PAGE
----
In order to avoid licensing hurdles, Intel is jumping into the virtual cable TV game in a city by city trial. The city by city approach is to allow for more flexibility in negotiating provider rates while more easily navigating city and state licensing issues. The move into the cable TV business comes after Intel’s failed attempt to convince TV manufacturers to use its chips for Google TV’s initial failed launch a few years ago. According to The Inquisitr, a source says Intel was annoyed with “everyone doing a half-assed Google TV so it’s going to do it themselves and do it right.”
Here is more on the launch from the Inquisitr article:
Intel’s hope is that it can help provide streaming TV access, while also providing users with the content they require, such as sports and live news.
By combining Redbox, Netflix and other streaming services with cable TV products, Intel marries the old media with new media to create a more converged product.
Rumors of Intel cable service started in March when the Wall Street Journal reported that the company was working on a pay-TV service and then Reuters reports that Intel wanted to use facial recognition for ad servicing, targeting and other performance based metrics reporting.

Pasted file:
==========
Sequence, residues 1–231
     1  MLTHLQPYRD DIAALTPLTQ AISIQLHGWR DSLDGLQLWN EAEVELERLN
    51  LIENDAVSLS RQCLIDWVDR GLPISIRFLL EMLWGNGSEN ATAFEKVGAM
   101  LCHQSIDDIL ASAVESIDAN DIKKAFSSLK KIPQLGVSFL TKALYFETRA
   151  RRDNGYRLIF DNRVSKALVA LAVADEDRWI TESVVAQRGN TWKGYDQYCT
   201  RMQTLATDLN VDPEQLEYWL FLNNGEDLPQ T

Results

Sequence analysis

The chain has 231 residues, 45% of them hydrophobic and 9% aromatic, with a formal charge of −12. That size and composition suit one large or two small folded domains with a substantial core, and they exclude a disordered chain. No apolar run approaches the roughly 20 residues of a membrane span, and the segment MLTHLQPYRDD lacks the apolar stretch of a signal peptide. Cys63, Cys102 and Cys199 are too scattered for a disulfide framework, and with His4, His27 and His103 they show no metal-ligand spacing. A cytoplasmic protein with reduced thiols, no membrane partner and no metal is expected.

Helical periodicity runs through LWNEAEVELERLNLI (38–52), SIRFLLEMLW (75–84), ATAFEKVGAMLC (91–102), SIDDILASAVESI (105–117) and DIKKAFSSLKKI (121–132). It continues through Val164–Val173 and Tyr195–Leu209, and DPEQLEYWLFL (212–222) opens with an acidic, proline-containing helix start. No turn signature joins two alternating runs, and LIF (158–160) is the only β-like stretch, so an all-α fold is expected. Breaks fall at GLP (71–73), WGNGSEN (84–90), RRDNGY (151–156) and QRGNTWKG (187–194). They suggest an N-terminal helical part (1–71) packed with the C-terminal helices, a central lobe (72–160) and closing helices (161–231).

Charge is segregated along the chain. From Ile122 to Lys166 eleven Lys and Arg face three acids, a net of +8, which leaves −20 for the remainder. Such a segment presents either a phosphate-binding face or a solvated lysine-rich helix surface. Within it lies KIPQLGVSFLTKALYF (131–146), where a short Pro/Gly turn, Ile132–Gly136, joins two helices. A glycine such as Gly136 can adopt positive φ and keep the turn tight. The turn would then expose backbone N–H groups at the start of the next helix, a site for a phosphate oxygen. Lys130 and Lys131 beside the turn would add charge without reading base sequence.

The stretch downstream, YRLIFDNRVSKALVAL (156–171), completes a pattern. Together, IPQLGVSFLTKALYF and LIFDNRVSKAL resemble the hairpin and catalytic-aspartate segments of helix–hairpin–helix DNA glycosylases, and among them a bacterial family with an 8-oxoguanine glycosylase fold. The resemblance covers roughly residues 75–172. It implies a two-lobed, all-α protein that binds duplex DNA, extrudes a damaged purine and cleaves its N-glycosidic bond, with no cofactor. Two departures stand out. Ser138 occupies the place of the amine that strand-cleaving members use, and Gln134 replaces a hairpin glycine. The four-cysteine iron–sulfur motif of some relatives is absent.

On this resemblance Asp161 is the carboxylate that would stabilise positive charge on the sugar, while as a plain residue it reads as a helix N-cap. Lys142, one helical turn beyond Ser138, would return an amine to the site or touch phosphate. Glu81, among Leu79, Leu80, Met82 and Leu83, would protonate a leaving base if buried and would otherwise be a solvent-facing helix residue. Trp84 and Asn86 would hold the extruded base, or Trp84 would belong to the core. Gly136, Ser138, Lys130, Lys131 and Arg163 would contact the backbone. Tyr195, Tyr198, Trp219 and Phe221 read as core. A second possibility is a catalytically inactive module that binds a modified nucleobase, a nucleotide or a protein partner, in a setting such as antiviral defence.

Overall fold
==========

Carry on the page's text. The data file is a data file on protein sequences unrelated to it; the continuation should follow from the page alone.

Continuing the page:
By rolling out on a city-by-city basis Intel is able to experiment with licensing in different areas, ultimately finding deals that will save the company money based on each market. Had Intel attempted a national roll out it may have been forced to use a “one size fits all” pricing model.
Intel is not exactly attempting to cut out traditional cable TV providers, for example it licensed Comcast’s Reference Design Kit in October, a kit that will help aid the company in the development of its cable TV services.
The first Intel set top box will debut at CES 2013, where we at the TV, Internet and Phone Blog hope to get an up close look at the new equipment.